2019 MASNA Aquarist of the Year and MASNA Award Recipients
MASNA is proud to announce Dr. Craig Bingman as the 2019 MASNA Award recipient for his foundational role in understanding the chemical processes in aquariums, and Tom Bowling as the 2019 MASNA Aquarist of the Year for his recent achievements & progress in marine ornamental spawning and aquaculture development.
MASNA will be awarding its annual MASNA Aquarist of the Year and MASNA Award to the recipients at the MACNA 2019 Saturday Night Banquet on Saturday, August 31st, 2019 at the Walt Disney World Swan and Dolphin Hotel.
Annually, MASNA awards the prestigious MASNA Award and Aquarist of the Year Award to deserving individuals for their work in helping shape and influence the marine aquarium hobby in a way that positively contributes to the ongoing sustainability of the hobby to the future marine environment. Together with MASNA, previous recipients of the MASNA Award confer to decide who has given the most to the hobby and industry to be deserving of that years’ awards from a selection of nominees.
Dr. Craig Bingman, the 2019 MASNA Award Winner will be speaking at MACNA 2019 at 11 AM in the Neptune Speaker Room at the WDW Dolphin Resort on Sunday, September 1st, 2019.Award Recipient Biographies:
Tom Bowling – MASNA Aquarist of the Year, 2019
Tom Bowling is a marine biologist and founder of Biota Marine Life Nursery in Palau. With an understanding of localized fish population behaviors, Tom perfected the use of wild gamete collection techniques to produce and raise many new species, not only marine ornamentals, but also food fish and threatened species for re-introduction to the wild. This includes the ever-popular Clown Triggerfish, Blueline Sea Bream found in public aquaria and the Bumphead Parrotfish. (Photo caption: Tatiana, Tom, and Maya Bowling at Biota.)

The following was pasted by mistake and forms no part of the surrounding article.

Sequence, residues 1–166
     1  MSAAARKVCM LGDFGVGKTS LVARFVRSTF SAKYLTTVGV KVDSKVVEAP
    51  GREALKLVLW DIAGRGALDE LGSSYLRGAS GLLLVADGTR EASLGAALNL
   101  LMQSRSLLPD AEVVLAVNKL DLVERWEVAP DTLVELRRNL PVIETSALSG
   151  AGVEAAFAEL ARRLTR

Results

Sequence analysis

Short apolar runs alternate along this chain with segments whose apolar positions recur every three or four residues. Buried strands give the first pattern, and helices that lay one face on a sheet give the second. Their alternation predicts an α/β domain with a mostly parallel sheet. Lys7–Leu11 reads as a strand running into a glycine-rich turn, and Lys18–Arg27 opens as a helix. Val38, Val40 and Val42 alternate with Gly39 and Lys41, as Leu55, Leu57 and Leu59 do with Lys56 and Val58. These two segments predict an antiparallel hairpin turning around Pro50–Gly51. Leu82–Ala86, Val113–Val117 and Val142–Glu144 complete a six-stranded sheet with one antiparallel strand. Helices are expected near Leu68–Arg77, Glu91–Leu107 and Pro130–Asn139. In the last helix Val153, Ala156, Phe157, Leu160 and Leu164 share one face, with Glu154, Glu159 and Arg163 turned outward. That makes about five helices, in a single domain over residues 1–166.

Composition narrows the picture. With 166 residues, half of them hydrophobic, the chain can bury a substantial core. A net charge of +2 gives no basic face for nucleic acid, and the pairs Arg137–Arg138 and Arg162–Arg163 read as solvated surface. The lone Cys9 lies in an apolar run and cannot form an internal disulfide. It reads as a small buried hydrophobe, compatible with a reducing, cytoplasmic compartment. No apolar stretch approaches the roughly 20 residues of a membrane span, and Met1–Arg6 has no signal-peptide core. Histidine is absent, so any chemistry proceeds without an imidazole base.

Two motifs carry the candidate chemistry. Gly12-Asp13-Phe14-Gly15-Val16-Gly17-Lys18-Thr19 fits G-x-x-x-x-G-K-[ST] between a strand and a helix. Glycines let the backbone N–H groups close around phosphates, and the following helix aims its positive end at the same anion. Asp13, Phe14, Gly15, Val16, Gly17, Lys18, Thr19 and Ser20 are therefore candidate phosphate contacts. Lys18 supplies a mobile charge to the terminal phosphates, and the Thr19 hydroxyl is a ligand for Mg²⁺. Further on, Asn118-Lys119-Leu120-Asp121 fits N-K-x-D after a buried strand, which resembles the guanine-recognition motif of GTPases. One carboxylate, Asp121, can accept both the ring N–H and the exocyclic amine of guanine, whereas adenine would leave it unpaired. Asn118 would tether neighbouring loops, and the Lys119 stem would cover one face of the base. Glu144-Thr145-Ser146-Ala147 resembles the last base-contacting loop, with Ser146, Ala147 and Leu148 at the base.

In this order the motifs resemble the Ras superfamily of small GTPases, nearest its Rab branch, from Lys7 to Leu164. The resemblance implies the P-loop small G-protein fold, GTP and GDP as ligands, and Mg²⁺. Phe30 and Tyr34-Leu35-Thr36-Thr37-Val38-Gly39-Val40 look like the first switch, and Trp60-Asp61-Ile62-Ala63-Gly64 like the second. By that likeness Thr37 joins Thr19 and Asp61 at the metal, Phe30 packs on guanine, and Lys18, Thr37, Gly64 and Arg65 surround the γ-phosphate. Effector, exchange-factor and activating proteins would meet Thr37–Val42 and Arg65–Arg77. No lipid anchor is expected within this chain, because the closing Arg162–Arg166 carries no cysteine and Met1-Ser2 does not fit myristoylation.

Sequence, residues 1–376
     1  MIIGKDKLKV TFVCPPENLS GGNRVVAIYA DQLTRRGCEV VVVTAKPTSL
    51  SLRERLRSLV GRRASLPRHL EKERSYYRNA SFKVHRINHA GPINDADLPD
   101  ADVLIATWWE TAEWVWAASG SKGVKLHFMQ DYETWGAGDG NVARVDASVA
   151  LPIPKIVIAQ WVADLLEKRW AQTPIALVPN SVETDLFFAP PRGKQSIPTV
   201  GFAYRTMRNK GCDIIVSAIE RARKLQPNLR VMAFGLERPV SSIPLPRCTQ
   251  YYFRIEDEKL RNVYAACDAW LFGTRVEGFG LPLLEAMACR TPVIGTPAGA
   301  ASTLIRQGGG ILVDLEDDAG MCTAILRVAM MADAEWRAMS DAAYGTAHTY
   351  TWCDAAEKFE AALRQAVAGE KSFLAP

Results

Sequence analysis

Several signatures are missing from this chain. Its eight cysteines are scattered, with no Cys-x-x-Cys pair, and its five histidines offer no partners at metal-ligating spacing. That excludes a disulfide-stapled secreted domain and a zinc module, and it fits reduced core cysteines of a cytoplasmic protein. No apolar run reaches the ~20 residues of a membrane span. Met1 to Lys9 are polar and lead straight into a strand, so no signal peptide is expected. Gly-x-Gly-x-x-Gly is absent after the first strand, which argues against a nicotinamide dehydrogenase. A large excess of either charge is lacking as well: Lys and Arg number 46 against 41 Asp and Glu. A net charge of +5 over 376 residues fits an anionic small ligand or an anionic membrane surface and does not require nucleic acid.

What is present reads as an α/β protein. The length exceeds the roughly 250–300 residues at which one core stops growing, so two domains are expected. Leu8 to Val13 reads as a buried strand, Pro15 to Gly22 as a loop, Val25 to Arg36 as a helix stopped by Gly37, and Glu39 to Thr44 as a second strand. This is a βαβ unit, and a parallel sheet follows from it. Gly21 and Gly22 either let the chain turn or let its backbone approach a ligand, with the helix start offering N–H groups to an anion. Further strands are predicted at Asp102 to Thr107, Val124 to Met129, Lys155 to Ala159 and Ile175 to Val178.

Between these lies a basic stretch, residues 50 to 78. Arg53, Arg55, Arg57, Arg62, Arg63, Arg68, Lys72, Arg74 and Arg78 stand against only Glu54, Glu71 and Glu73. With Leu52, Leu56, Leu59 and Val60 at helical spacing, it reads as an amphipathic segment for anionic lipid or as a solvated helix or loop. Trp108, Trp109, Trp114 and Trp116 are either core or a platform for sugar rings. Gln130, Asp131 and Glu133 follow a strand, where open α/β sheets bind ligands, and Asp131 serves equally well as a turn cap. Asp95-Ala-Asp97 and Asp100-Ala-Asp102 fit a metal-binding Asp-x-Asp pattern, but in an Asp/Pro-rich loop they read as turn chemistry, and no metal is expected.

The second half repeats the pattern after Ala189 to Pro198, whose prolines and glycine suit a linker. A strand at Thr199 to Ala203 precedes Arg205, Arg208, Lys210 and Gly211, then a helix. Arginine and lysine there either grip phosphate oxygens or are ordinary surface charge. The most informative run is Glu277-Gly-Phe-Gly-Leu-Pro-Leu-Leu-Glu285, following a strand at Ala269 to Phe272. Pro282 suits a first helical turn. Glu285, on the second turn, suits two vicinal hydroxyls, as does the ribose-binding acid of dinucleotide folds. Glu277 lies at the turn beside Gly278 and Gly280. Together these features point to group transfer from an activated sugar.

Captive-raised Mandarin Dragonets, various gobies, Aiptasia-eating Filefish, deep-water Borbonius and Yellow Tangs are among the 20 currently marketed ornamental fish species. Over a dozen asexually propagated soft corals and half a dozen species of clams are being produced under Tom’s leadership. Tom has also worked to educate both the public and interested parties in both Palau and greater Micronesia on the current state of aquaculture, including an understanding of sustainable practices that can be incorporated into their local reefs. Working with research facilities and other partners, Tom is helping further the knowledge and success of ornamental marine aquaculture.
In his own words: “From the primordial ooze of the nascent internet, people with interesting and quirky hobbies found each other and formed online communities. One of those problems was ‘how to keep corals alive in closed aquariums, isolated from the ocean.’ A really amazing group of people self-organized and worked on this problem in North America, and across the globe. I was fortunate to have played a foundational role in understanding the chemical processes in aquariums.
It is my enduring pleasure to have provided solutions to several important problems that are still used today. This is the tale of the reef hobby in North America in the 1990s, when corals stopped dying and we achieved long-term success with these animals in aquariums.
Who am I? I was that eight-year old kid subjecting his first fish tank to way too much pH down and pH up, in his first real exposure to a chemical test. I was a member of that group of people who figured out reef aquarium chemistry. I was and am a biochemist, who uses incredible x-rays sources at National Labs to make pictures of the molecules that make life possible. I also love freshwater planted aquariums, orchids, and carnivorous plants. Most importantly, I’m the father of a two-year old. Watching his mind bootstrap and develop his own personality and interests is the greatest pleasure of my life. I’ve noticed he really likes clownfish….”
To learn more about the MASNA Aquarist of the Year visit: https://masna.org/masna-programs/aquarist-of-the-year
To learn more about the MASNA Award visit: https://masna.org/masna-programs/the-masna-award/
About MASNA, Marine Aquarium Societies of North America
MASNA is a non-profit organization composed of marine aquarium clubs, individual hobbyists and industry partners from North American and abroad, totaling several thousand individuals.
MASNA Goals are to:
- Educate our members with online and published material, the MACNA conference, and other sanctioned events,
- Assist in forming and promoting the growth of clubs within the hobby while ensuring a sustainable future for the marine environment,
- Support the efforts to eliminate abuses in collecting and transporting marine organisms through education, assistance, and encouragement, and
- Encourage the ethical growth of the marine aquarium hobby and support captive breeding/propagation efforts.